Now, before you jump into this with roaring style, I want to let you know that all of the traits I listed above are just generalizations. I was listing them to help you get an idea of what kind of dragon he is. Thus, I fully trust your artistic genius to fill out/change whatever you think would be necessary. And, as soon as your Pay-pal information is available to me, I will happily pay you."

Also, they already agreed to me charging extra for designing the character.
I can see your point though. I'll see what other people say about this to get a better idea of what would be the right course of action here. I also do not yet know if they plan on using the images themselves or not, I'll need to get around to asking about that. They did ask for scans of the finished versions before they are laminated, so that could mean they do intend to use the images.
Jul. 22nd, 2010 09:48 pm (UTC)
I am not an artist, but when has that stopped anybody?
Given the vague, broad description of the character (with some specific features), this seems to be a design effort- if there aren't any visual guidelines like a style sheet, you are going to have to put together the physical characteristics to bring the personality elements to life. In addition, from the way the description is written I'd suspect that you'll be asked to do at least a couple redesigns to satisfy them, and you should be compensated for that as well.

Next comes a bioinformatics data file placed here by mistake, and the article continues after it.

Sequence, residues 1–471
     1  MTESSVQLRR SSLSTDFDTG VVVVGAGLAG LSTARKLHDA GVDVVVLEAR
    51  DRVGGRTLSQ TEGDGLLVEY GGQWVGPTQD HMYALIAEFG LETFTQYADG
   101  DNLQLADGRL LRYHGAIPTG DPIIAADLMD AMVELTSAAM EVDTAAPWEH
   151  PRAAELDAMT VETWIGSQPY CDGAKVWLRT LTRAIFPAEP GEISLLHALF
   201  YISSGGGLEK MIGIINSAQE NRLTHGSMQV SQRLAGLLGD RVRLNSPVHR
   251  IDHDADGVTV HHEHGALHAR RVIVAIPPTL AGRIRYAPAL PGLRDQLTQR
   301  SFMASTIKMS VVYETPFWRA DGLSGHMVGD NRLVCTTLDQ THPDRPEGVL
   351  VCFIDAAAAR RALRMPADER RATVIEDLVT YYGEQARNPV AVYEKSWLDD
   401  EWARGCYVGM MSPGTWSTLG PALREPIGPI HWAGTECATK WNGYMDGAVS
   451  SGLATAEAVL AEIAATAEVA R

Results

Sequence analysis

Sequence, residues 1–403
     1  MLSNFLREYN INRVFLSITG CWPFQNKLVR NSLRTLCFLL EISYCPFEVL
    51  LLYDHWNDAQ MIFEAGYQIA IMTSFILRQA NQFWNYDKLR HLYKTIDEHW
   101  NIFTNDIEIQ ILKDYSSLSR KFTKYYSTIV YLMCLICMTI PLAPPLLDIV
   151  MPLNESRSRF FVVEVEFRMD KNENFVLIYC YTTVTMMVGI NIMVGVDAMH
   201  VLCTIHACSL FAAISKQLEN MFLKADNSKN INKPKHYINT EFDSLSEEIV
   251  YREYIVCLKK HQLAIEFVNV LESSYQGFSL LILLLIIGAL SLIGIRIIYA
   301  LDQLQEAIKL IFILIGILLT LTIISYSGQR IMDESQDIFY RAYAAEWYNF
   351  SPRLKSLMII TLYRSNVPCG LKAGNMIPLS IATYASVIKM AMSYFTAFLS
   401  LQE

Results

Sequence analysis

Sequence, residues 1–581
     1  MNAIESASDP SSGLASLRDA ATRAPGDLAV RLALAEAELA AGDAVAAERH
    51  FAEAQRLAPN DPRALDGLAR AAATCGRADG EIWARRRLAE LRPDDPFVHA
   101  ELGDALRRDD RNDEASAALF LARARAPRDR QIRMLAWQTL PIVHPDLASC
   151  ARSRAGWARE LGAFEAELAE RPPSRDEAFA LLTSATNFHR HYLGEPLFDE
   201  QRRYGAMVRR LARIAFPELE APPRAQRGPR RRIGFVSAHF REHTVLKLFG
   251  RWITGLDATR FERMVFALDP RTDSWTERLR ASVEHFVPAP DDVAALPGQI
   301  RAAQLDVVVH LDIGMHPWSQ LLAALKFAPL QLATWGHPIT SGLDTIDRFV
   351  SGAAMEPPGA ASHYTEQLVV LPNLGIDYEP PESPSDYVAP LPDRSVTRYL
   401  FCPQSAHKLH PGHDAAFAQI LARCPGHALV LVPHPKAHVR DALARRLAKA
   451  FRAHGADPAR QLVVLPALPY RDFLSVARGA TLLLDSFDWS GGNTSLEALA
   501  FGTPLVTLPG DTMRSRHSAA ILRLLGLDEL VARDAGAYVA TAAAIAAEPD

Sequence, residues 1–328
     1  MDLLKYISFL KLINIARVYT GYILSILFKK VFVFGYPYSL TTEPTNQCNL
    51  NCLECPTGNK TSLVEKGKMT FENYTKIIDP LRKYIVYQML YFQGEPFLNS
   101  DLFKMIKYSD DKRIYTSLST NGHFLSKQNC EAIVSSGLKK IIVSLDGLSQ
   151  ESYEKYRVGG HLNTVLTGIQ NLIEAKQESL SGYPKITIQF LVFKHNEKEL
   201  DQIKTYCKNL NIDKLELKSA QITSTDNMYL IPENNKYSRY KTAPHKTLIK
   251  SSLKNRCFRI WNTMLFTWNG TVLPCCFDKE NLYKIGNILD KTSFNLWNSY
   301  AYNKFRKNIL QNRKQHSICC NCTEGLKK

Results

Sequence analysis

You should ask them what they intend to do with the images, in terms of public use. A mascot is going to be used on promotional material for certain- otherwise, there's no point in having one. I would expect the badge designs will be used either for con staff or for general badges. Both of these warrant charging more. If they are planning on making shirts/trinkets with the art to sell at the con (as opposed to programs and attendee badges), then royalties are something to consider- that, or selling the rights for a fair bit more so they can do what they want without you having to keep after them. Since you list your location as Estonia, enforcement of a royalties would likely be a bit harder and more expensive than for someone in the US.

Beyond that, congratulations on catching their eye, and good luck!
Jul. 22nd, 2010 07:27 pm (UTC)
As others have said, get in writing exactly what they plan on using the images for. Many conventions commission a logo or 'mascot' for their letterhead, board business cards, etc, and possibly for use on their website and/or printed advertisement for the convention.